Posted in: Medical Research News | Disease/Infection News

Tags: ACE2, Amantadine, Angiotensin, Angiotensin-Converting Enzyme 2, Antibodies, Antibody, Assay, Blood, Cell, Chemokine, CLARITY, Compound, Coronavirus, Coronavirus Disease COVID-19, covid-19, Cysteine, Cytokine, Cytotoxicity, Drug Delivery, Efficacy, Enzyme, Fluorescence, Fluorescence Microscopy, Glycans, Immunochemistry, Immunohistochemistry, Immunoprecipitation, in vitro, in vivo, Ion, Kidney, Mass Spectrometry, Metabolite, Microscopy, Mutation, Nitric Oxide, Omicron, Protein, Pseudovirus, Receptor, Remdesivir, Respiratory, SARS, SARS-CoV-2, Severe Acute Respiratory, Severe Acute Respiratory Syndrome, Spectrometry, Spike Protein, Syndrome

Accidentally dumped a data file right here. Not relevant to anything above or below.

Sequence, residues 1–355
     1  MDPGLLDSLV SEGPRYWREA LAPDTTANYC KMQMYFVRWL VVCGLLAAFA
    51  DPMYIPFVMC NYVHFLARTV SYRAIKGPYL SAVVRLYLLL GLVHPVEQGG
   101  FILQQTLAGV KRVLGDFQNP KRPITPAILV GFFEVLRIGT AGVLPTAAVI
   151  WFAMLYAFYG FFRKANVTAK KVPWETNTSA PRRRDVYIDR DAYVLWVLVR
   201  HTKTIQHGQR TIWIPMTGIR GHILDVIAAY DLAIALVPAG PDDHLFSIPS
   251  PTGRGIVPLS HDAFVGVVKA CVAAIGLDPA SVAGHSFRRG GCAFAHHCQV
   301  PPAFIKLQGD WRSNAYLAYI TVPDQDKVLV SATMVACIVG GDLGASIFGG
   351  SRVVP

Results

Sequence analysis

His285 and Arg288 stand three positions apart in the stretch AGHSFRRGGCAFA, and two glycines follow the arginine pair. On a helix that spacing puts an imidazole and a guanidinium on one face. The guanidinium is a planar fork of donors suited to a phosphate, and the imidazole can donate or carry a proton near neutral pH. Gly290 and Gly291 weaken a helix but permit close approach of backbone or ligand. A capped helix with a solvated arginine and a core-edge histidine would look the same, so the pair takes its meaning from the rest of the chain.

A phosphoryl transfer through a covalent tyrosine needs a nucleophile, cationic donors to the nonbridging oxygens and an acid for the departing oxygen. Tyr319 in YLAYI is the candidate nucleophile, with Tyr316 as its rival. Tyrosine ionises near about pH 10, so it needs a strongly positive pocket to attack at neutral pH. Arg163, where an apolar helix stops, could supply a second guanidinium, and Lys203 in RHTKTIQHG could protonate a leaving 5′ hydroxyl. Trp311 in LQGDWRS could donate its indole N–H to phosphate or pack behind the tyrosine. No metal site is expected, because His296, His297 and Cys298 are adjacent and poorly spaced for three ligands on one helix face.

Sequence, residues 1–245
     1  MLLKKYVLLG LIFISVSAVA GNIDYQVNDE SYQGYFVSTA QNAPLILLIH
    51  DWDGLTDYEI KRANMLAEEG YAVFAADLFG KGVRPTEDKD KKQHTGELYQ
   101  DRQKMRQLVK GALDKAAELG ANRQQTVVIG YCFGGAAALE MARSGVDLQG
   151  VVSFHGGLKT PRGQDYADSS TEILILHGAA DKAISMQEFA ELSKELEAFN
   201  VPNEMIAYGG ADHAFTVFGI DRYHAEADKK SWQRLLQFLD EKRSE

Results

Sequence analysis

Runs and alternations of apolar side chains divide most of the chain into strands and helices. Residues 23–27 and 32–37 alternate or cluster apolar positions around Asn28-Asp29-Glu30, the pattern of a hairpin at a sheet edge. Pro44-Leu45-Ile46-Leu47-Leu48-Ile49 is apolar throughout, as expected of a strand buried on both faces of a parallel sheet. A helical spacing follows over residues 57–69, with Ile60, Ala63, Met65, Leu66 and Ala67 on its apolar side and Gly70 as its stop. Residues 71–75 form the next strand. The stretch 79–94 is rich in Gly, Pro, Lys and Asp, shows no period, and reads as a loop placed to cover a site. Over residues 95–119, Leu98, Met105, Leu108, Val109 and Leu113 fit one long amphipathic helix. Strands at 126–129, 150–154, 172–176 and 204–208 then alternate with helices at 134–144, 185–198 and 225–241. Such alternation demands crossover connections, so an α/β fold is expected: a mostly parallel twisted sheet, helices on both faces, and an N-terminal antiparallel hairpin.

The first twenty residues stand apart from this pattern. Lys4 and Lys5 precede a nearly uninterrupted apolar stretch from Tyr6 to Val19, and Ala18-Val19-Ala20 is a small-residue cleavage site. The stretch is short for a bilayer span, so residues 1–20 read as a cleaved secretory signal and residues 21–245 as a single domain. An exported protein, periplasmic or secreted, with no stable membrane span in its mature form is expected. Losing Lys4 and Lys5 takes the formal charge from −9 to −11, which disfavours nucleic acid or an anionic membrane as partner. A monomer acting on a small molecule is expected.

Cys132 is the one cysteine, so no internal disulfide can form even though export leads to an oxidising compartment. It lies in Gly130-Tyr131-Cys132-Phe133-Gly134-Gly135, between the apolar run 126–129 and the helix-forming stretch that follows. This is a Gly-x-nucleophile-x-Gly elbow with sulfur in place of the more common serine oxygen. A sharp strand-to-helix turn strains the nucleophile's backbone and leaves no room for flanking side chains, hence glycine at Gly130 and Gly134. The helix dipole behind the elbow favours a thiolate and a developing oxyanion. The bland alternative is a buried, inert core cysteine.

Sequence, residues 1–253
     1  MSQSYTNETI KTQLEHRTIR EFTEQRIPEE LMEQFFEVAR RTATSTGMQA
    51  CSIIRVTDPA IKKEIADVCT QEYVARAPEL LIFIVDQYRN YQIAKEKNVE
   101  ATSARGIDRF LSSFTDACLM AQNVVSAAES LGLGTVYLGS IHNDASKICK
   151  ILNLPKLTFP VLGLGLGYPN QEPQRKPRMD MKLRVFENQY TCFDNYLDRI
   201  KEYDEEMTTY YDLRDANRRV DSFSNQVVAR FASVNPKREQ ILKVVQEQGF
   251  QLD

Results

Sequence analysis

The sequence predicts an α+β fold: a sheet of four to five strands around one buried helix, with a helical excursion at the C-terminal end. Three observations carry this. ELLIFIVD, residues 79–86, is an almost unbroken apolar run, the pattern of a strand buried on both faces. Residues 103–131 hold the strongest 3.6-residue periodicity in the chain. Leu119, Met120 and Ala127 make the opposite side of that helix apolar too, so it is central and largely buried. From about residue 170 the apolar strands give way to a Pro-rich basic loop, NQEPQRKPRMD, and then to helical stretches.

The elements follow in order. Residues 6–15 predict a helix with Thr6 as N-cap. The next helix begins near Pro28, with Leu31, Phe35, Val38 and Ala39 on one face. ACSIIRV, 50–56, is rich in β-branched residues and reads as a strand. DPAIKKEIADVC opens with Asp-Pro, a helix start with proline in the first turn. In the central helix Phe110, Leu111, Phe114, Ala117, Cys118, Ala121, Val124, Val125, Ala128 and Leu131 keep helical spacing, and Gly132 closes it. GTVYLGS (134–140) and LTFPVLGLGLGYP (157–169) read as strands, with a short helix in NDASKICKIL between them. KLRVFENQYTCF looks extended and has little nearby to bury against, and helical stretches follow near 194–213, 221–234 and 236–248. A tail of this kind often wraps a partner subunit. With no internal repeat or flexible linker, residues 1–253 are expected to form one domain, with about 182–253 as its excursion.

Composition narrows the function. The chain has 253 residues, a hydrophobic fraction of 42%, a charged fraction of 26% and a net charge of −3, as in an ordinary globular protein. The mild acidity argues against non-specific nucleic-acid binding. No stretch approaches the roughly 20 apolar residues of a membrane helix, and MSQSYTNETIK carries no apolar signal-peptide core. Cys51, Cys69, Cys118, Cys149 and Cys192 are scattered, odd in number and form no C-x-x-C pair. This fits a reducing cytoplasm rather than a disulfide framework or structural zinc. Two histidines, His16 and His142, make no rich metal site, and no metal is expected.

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Pooja Toshniwal Paharia

Dr. based clinical-radiological diagnosis and management of oral lesions and conditions and associated maxillofacial disorders.